Pressure Support Compensation and Demand Continuous Positive Airway Pressure: Discussion

Pressure Support Compensation and Demand Continuous Positive Airway Pressure: DiscussionThis study confirms that endotracheal tubes and a ventilator demand CPAP system can markedly increase the inspiratory work of breathing. The additional work rate (Wi/L) due to these added resistances increases with increased flow demand and decreased internal diameter of the tube. Pressure support can be used to compensate for this added work when the level is adjusted for the endotracheal tubes diameter and mean inspiratory flow. The effect of the endotracheal tubes size on airway resistance and work of breathing is substantial. Bolder and associates2 have reported that every 1-mm decrease in the endotracheal tube s diameter results in an increase in work of 34 to 154 percent, depending on the respiratory rate and tidal volume. In the mechanical-lung phase of this study, our findings were similar, with each 1-mm change in the tube s diameter resulting in a 67 to 100 percent increase in Wi/L. The effect of demand CPAP systems on work varies among ventilators. Katz et al have shown that the Puritan-Bennett 7200 ventilator circuit results in 10 to 40 percent increase in additional inspiratory work, depending on inspiratory flow. Consistent with these studies, we found that the relative contributions to added work of an endotracheal tube and the ventilator circuit in this study were a function of tube size, with the proportion of work due to the endotracheal tube ranging from approximately 50 percent for a 9-mm tube to 70 percent for a 7-mm tube. natural breast enlargement cream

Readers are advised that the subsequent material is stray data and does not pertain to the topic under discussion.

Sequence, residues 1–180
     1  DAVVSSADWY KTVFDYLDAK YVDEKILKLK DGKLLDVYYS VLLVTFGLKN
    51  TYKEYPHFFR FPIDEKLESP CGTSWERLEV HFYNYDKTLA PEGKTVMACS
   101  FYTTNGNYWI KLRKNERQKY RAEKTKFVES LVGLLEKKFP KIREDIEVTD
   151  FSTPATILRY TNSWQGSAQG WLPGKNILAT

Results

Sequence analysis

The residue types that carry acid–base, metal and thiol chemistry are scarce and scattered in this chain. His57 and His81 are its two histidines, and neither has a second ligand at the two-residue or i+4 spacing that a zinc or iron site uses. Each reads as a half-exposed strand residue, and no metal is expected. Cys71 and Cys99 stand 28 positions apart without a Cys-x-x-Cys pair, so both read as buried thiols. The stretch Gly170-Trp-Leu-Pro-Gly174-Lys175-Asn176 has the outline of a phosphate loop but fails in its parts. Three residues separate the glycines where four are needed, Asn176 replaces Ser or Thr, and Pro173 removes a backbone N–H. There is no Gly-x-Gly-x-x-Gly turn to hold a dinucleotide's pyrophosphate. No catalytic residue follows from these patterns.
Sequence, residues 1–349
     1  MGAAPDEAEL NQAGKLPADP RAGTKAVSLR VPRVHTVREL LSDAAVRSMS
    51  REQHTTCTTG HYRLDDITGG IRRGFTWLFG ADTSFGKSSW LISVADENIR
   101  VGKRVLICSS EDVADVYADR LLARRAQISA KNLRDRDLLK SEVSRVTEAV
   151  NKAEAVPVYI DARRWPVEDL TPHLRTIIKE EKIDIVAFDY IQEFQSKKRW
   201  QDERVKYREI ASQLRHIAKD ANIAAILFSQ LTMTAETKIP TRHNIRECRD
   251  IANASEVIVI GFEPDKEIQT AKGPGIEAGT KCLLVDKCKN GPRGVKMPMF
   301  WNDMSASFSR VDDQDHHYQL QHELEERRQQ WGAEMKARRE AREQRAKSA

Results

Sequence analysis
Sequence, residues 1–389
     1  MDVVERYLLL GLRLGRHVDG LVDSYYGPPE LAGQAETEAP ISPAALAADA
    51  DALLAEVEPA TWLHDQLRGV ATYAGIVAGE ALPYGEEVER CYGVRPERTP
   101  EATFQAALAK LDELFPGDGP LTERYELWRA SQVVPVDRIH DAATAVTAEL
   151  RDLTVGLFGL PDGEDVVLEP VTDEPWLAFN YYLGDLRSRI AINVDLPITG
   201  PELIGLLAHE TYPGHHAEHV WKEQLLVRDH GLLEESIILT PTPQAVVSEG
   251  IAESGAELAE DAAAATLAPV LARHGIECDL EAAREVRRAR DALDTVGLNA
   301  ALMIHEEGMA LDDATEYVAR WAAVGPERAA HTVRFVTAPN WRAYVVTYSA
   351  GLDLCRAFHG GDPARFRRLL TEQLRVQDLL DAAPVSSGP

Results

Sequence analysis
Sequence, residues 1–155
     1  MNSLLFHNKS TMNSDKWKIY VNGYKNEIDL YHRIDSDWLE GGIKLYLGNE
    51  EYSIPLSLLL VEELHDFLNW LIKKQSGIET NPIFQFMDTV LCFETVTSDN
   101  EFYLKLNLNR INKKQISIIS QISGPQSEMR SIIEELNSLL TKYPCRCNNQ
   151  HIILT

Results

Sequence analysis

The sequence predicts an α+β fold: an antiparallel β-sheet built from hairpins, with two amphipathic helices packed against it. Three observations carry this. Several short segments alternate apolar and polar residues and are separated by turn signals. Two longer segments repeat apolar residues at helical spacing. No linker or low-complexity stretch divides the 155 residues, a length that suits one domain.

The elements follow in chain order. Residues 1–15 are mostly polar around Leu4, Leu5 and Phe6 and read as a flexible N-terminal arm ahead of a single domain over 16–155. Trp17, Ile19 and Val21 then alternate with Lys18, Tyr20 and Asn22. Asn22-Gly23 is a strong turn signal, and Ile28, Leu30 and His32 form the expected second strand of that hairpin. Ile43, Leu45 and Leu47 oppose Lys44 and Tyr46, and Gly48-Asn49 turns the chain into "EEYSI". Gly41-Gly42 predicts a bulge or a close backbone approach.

Inspiratory work per liter is a good measure of the mechanical properties of the lungs and airways in patients with respiratory failure. Several studies have related the level of inspiratory work to dependence on the ventilator. Peters et al have suggested that mechanical ventilation is necessary when Wi/L is greater than 0.18 kg-m/L and that ventilator independence is associated with Wi/L of less than 0.08 kg-m/L. We have found that patients requiring prolonged mechanical ventilation had a mean Wi/L of 0.090 kg-m/L when they were successfully weaned. During unassisted spontaneous inspiration, there is negative airway pressure generated to overcome the resistances of the demand valve, ventilator circuit, and endotracheal tube. This results in additional inspiratory work. In the present study of normal subjects, the Wi/L during breathing by mouthpiece (range, 0.013 to 0.040 kg-m) was comparable to published “normal” values. For the group of subjects, the mean increase in work due to both an endotracheal tube and demand CPAP together ranged from 0.013 to 0.072 kg-m/L, depending on tube size and Vt/Ti. This represented a 54 to 240 percent increase over baseline values. Since the Vt/Ti of patients being weaned from mechanical ventilation covers a range which was simulated in this study, increases in work of these magnitudes would be expected in clinical practice. Clearly, this degree of added work could affect the success or failure of a weaning trial. This may have particular impact on patients with either marginal respiratory muscle strength or those who already have a high level of respiratory work due to pulmonary parenchymal disease.